Things We Learned » Keep the faith

Keep the faith

Irish Gold Cup day is one of the big days on the Irish National Hunt racing calendar, but it is also an increasingly strong pointer to the Cheltenham Festival.  And it is not just the winners from Leopardstown who need to be noted with Cheltenham in mind.

Windsor Park was beaten in the Deloitte Hurdle last year before going to Cheltenham and winning the Neptune Hurdle.  On The Fringe was beaten in the hunters’ chase at Leopardstown before going to Cheltenham and winning the Foxhunter.

And this is not a brand new phenomenon.  In recent years, Tiger Roll and Countrywide Flame were both beaten in the Spring Hurdle before going on to win the Triumph, Lord Windermere was beaten in the Dr PJ Moriarty Chase before winning the RSA Chase, and Jim Culloty’s horse was also beaten in the Irish Gold Cup before winning Gold at Cheltenham.

It may pay to retain faith in some of the beaten horses from last Saturday’s meeting.  The ground was heavy and testing, conditions were tiring.  Conditions were probably very different to the conditions that horses will experience at Cheltenham in four weeks’ time.

In particular, it may pay to retain faith in Road To Riches and Ivanovich Gorbatov.  Neither horse is at his best on soft ground.  Ivanovich Gorbatov won his maiden hurdle on soft ground all right, but all his form on the flat was on good and fast ground, he won a handicap off a mark of 97 on good to firm ground.  It may be that he just got away with it once on his hurdling bow over Christmas.

Road To Riches was third in last year’s Gold Cup on soft ground, but he won a Galway Plate and a Champion Chase on goodish ground.  Soft ground has always been a worry.

Also, Noel Meade’s horse raced up with a fast pace on Saturday, so fast a pace that Carlingford Lough, a 999/1 detached last as they approached the second last fence, was able to pass all his nine rivals – or eight of them at least – inside the final two furlongs and win by 12 lengths.

Wherever he goes at Cheltenham, Ryanair Chase or Gold Cup, as a horse with course and festival form, Road To Riches is a player again this year.

Lough tops

It was some training performance by John Kiely, to transform Carlingford Lough from Lexus Chase also-ran, sixth of six, beaten 34 lengths by Don Poli, to Irish Gold Cup winner.

The Lexus Chase and the Irish Gold Cup are similar contests, both run, as they are, over three miles at Leopardstown, usually on soft ground.  There was no material difference between the two contests this year, nothing to which you could point and say, that was the thing that made the difference.  In that instance, you have to put it down to the trainer.

It was a fine ride by Mark Walsh too, a ride that had coaxing and cajoling, determination and perseverance, that transformed his horse from a 999/1 shot to a 12-length winner, a ride of which Sir Anthony himself would have been proud.

The Cheltenham Gold Cup may not be the thing for Carlingford Lough, mind you.  The King’s Theatre gelding has run at Cheltenham twice, he finished sixth in the 2014 RSA Chase and he finished ninth in the 2015 Gold Cup.  Cheltenham just may not be his track.

As well as that, he is 10 now, and you have to go back to 1998 to Cool Dawn to find the last horse aged 10 or more to win the Gold Cup.

JP McManus’ horse could be a Grand National horse though.  A flat, galloping, left-handed four miles on spring good to soft ground should suit him well.

His new rating of 163 is 2lb lower than the official rating that Many Clouds had when the National weights were framed last year, and Many Clouds was allowed race at Aintree off a mark of 160, so 5lb lower than his official mark.  Using the same barometer, Carlingford Lough should be allowed into the National on a mark of 158 or 159, which would be 2lb or 1lb lower than the mark off which Many Clouds won it last year.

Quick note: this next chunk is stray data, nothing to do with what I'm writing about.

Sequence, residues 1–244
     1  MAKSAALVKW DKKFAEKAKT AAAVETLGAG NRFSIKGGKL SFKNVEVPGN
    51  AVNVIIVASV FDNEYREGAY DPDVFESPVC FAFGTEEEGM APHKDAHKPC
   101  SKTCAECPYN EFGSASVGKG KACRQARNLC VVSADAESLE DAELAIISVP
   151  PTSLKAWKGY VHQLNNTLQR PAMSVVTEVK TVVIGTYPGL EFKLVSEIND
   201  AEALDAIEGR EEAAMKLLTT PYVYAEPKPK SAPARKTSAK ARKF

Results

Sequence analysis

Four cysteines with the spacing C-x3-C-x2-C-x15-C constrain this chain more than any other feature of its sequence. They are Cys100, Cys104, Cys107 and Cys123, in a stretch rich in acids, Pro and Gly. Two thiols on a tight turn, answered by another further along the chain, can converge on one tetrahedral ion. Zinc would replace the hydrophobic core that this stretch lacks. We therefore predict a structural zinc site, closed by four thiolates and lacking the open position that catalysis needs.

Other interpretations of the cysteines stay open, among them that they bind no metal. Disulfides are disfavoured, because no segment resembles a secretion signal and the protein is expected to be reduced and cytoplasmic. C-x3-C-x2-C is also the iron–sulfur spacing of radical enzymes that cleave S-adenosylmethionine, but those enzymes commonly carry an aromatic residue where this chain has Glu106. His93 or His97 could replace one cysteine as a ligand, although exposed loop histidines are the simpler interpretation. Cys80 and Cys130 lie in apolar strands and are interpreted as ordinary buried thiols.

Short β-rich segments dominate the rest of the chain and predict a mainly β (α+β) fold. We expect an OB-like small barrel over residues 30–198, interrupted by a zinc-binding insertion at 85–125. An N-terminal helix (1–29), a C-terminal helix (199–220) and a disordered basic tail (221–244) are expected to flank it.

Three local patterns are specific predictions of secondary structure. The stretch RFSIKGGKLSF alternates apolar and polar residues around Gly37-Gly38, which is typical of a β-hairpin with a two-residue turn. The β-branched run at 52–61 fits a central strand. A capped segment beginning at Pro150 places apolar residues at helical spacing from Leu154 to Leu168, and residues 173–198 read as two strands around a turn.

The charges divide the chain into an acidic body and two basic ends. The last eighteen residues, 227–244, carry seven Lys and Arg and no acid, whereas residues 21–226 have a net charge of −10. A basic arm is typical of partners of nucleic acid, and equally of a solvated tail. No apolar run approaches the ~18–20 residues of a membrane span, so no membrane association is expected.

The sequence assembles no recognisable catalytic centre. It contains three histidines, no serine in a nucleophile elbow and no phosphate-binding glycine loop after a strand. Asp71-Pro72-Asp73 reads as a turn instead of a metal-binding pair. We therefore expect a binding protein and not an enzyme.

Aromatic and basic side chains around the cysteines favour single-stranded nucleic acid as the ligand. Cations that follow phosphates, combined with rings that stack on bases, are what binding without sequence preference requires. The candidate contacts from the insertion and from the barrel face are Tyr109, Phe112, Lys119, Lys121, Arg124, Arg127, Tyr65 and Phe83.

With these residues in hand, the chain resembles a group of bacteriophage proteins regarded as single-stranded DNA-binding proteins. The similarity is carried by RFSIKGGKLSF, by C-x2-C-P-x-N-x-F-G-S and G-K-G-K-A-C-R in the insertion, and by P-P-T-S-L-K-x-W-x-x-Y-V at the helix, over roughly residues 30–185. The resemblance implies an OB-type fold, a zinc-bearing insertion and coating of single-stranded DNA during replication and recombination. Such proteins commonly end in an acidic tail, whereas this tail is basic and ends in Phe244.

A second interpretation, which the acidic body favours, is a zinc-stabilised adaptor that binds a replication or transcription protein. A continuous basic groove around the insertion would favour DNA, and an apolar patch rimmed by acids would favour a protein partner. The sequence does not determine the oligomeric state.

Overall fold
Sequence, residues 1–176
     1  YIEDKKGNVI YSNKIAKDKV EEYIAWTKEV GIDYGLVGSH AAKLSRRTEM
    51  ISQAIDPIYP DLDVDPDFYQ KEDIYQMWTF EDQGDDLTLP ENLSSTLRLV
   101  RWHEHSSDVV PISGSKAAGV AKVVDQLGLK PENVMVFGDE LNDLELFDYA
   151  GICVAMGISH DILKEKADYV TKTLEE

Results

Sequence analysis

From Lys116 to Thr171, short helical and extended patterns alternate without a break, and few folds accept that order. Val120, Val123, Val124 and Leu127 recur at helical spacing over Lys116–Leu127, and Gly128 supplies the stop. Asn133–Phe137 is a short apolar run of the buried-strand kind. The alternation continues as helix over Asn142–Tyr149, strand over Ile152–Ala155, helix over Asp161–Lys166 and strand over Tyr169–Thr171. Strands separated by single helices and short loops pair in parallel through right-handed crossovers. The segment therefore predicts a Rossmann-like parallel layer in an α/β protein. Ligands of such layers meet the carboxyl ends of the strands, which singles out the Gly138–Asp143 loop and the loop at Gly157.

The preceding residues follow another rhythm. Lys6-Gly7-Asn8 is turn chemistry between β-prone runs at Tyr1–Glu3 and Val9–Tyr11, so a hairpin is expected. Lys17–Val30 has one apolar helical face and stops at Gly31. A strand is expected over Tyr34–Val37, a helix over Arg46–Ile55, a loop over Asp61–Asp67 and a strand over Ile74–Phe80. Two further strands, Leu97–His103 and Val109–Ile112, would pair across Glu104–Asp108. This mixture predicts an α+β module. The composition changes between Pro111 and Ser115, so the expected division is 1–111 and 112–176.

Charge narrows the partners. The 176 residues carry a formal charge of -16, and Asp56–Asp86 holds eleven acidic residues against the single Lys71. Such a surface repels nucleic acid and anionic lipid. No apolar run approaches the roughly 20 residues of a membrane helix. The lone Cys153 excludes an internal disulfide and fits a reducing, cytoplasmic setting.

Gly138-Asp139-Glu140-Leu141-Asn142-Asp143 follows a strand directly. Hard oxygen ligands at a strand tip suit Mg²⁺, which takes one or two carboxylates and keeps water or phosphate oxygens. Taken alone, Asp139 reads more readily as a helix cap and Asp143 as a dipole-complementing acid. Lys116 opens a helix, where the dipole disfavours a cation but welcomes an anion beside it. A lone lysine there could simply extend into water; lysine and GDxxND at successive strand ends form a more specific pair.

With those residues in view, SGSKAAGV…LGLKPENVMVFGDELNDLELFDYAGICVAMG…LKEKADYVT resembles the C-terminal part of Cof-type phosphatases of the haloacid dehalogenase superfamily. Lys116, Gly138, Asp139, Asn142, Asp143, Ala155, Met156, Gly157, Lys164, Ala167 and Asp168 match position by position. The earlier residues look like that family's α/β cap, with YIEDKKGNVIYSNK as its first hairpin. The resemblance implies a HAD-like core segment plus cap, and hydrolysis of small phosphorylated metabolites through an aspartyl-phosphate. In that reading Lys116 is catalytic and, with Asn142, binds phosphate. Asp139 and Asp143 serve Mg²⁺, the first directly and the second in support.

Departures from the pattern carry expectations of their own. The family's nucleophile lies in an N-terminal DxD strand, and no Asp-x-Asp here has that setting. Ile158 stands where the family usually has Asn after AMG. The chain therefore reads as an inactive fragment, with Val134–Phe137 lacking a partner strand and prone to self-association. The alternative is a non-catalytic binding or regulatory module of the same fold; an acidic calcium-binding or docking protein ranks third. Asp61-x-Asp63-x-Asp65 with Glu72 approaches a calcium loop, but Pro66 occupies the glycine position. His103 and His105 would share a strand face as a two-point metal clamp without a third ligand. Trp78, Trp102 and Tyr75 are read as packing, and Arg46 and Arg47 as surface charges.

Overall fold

Carlingford Lough could also be a Punchestown Gold Cup horse.  He was pulled up in the big novices’ handicap chase at the 2013 Punchestown Festival on his first run there, but that was on desperately heavy ground.  On his second and only other run at Punchestown, at the 2014 festival, he won the Punchestown Gold Cup, beating Ballycasey and Morning Assembly and Don Cossack.

Going concerns

Here we go again.  The rains fall in January and February, we put another new name on another new storm, and people say that the ground will probably be soft at the Cheltenham Festival this year.  Even Cheltenham clerk of the course Simon Claisse said during the week that he felt sorry for ante post punters, because even he had no clue what the state of the ground would be this year.

Also this week, Paddy Power opened their betting on what the official going description on the opening day of the Festival would be: 2/5 good to soft, 15/8 soft, 7/1 good, 33/1 heavy.

At least somebody knows.

Market correction

Speaking of markets, it was interesting to monitor the divergences of opinion on the two main JP McManus representatives in this afternoon’s Betfair Hurdle during the week.

On Wednesday evening, Sky Bet couldn’t split Modus and Blazer, betting 5/1 the pair.  Betfred could split them all right, they bet 5/1 Modus, 6/1 Blazer.  Paddy Power could also split them, going 7/2 Blazer, 7/1 Modus.  So one firm gave the two horses the same chance, and one (firm) gave one (horse) a slightly better chance, while (you still with this?) another (firm) gave the other (horse) twice as good a chance.

By yesterday morning, the market had reached its points of equilibrium: 7/2 Blazer across the board, 7/1 Modus, 33/1 Champagne At Tara, 40/1 Waxies Dargle, 40/1 Matorico.  That’s the correct answer.

This day last year

Speaking of Sir Anthony, remember this day last year?

“I’ll tell you something else Rishi, it’s going to be the last time I ride 200 winners.”

Difficult to believe that it is a year ago today.


© The Irish Field, 13th February 2016